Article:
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Posted in March 2017

Impressions OE Global 2017

The last day of the Open Education Global Conference has just gone past. So it is time to reflect on what I’ve learned those days. To start off, the conference took place in an amazing venue and the organization was very well done. Compliments to the organizers!

2017 is the year in which the Capetown Declaration of OER celebrated it’s 10th anniversary. For me, running towards the conference, this raised high expectations, expecting to see what the Open Education movement has accomplished since 2007 and to discuss what the future holds. And this did take part in the closing panel discussion on the last day of the conference, where many interesting new directions were discussed.

2 years ago, at the Open Education Global Conference in Banff, David Wiley made a plea for rethinking the movement. Back then, as I recall, he pointed out that the first period of the open movement was heavily aimed at creating and sharing OER. But although this ambition has been and still is very important, this should not be the end goal. In the end OER and Open Education are means to work towards actually transforming education, making it more accessible, more global, more effective (not only from the cost perspective) and more open. Thus, I remember him pleaing for thinking about the next step in the open education movement.

Moving from OER to Open Education in all its aspects, including MOOCs, has been an answer we saw happening already back then, two years ago.

But now, I think this year the community showed that we have listened. This year, both in the keynotes, in the research tracks, education tracks and policy presentations, such as Cable Green’s vision on next steps for Creative Commons, it struck me that Open Educational Practices and Pedagogy were central to many of the talks and discussions I participated in, or would liked to have participated in. Although definitions on these terms are still developing and so far hard to dot down – where David Wiley and Bronswyn Hegarty have already provided interesting (but not the only) viewpoints – the common ground of applying open aspects to education was clearly visible.

This provides an interesting starting point for the upcoming year. And with the current Year of Open promoting openness in all its facets, I have gotten quite excited about what is to come. Hopefully in the next year we will see not only a broader application of Open Educational Practices and Open Pedagogies, but also an expansion of our open values to collaborations with all other open fields, suchs as research, data, software, policy, etc.

It appearently proved hard to get to that point this year. Perhaps 2017 was just a bit to early and the Year of Open still needs some traction. The joint approach from open practices and pedagogy and broader cross collaborations on openness, might just hold the key to actually mainstreaming Openness in the fields we work for.

Let’s see where the movement is going. And let’s discuss more about this at the next Open Education global Conference, where we are incredibly honored to welcome you at Delft University of technology.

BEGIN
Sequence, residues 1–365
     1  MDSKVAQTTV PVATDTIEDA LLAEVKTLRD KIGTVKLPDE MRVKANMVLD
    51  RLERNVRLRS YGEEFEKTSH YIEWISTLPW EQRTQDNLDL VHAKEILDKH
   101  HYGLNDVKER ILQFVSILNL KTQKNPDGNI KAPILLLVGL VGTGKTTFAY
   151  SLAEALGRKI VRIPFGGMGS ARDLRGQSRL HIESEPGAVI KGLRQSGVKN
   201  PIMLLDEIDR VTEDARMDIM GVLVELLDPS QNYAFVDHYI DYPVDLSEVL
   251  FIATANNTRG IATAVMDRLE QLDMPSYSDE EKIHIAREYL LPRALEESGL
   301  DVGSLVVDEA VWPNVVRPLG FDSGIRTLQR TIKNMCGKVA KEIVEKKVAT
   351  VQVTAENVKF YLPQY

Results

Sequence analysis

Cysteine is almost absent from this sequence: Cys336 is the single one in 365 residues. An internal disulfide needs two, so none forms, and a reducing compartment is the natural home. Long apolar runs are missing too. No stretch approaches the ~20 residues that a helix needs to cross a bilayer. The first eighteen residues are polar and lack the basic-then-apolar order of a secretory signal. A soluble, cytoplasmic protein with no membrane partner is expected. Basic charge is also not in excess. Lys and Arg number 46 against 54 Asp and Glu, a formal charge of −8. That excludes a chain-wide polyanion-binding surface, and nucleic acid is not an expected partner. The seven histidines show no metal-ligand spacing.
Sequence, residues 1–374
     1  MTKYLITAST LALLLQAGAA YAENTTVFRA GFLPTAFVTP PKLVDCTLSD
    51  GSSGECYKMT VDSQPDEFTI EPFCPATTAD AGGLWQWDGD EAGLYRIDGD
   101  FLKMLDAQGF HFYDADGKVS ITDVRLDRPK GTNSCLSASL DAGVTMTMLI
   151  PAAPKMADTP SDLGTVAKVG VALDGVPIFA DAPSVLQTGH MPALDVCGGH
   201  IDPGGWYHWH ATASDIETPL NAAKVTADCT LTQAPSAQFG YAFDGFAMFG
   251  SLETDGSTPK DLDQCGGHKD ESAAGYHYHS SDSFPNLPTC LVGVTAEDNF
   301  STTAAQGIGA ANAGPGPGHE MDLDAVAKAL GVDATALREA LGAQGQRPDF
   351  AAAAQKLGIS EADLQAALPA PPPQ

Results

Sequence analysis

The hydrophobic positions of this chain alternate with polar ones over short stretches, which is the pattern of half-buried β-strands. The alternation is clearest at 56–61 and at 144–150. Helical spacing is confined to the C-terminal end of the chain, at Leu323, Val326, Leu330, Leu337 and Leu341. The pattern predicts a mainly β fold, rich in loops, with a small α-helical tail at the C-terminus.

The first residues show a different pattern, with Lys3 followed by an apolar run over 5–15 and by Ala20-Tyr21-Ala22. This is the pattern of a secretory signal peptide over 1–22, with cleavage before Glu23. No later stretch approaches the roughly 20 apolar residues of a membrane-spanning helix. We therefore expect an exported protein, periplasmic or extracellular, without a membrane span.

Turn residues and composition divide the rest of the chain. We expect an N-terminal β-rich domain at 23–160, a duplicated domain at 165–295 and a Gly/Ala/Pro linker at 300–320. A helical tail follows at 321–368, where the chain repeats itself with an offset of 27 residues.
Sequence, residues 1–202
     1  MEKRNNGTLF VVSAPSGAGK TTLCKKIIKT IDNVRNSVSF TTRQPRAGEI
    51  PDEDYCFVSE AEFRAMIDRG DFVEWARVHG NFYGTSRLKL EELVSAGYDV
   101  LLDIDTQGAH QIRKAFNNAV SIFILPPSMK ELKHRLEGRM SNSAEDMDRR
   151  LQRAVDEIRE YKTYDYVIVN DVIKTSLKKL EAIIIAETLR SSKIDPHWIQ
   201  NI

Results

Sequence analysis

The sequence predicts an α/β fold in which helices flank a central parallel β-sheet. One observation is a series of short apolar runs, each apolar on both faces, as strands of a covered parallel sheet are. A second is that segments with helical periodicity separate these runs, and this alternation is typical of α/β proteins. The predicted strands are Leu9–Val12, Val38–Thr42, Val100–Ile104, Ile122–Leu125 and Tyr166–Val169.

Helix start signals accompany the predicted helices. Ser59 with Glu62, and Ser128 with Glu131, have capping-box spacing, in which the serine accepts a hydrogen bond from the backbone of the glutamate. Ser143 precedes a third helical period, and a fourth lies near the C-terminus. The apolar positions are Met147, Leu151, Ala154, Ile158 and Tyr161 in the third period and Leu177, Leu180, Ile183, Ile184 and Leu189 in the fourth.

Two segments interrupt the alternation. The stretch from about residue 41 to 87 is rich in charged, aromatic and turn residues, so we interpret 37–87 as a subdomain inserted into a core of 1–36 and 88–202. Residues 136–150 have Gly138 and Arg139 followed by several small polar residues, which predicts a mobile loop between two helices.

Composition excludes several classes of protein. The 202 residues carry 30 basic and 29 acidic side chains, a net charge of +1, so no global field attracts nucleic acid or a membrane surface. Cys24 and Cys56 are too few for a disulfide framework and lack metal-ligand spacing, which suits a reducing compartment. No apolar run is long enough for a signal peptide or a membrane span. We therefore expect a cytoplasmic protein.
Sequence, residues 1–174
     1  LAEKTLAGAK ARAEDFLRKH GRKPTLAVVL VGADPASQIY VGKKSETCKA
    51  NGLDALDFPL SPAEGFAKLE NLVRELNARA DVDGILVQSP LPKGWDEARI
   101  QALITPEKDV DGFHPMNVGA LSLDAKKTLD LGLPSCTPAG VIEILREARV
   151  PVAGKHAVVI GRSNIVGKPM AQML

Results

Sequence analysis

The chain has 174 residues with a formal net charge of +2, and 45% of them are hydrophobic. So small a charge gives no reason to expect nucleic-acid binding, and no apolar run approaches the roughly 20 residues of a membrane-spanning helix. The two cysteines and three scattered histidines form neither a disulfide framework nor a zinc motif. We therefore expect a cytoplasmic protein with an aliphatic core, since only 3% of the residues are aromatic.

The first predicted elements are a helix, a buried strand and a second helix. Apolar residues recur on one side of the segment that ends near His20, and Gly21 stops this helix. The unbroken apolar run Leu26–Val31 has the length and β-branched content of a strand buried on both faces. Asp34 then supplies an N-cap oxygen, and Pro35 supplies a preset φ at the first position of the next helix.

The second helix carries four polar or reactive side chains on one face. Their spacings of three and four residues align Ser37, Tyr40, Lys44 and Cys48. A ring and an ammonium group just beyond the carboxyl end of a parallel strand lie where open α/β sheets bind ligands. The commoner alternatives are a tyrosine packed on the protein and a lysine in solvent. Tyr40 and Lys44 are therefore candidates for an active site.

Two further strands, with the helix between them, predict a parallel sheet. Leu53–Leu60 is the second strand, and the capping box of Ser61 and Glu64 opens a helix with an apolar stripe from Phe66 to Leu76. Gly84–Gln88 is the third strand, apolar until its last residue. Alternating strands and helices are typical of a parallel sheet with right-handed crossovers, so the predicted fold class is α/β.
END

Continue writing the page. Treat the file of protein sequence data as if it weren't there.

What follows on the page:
TU Delft Year of Open

1701 TU Delft Year of Open Banner-2

“The world is facing challenges that our university of technology alone cannot meet.” With these words, Rector Magnificus Karel Luyben announced the TU Delft Open Science programme at the Dies Natalis 2016. Now, in 2017, the year that the Open Education Consortium has declared ‘The Year of Open’, we are taking another step forward. The aim is to raise awareness among scientists, lecturers, administrators, and students about the importance of open science.

In 2016, the focus on open science – that is, making scientific knowledge accessible online to all levels of society free of charge – led to the formulation of the open access policy and the creation of a data framework policy (in other words, policy for research data management). Events like the Open Education Week, the Open Access Week, and the launch of the open science course, helped the ideas behind open science to become more firmly established and integrated.

This year, there will be another full open science programme that you too can take part in. Examples include the Open Education Week in March, the launch of the open science course in June, the ten-year anniversary of OpenCourseWare, and the Open Access Week in October.

So keep your eyes and ears open and regularly check the website for all the great things that will be happening as part of The Year of Open.

A global perspective

The Year of Open is a global focus on open processes, systems, and tools, created through collaborative approaches, that enhance our education, businesses, governments, and organisations, organised by the Open Education Consortium. At its core, open is a mindset about the way we should meet collective needs and address challenges.

Communities around the world are bringing open practices to many different fields, such as open source software, open government, open data, and of course open education. Open represents freedom, transparency, equity and participation. When something is openly created and released, the intent is for others to use it, contribute to its development and make it better for everyone, whether that’s adding more features or information, or finding errors and fixing them (source). Learn more about the global Year of Open

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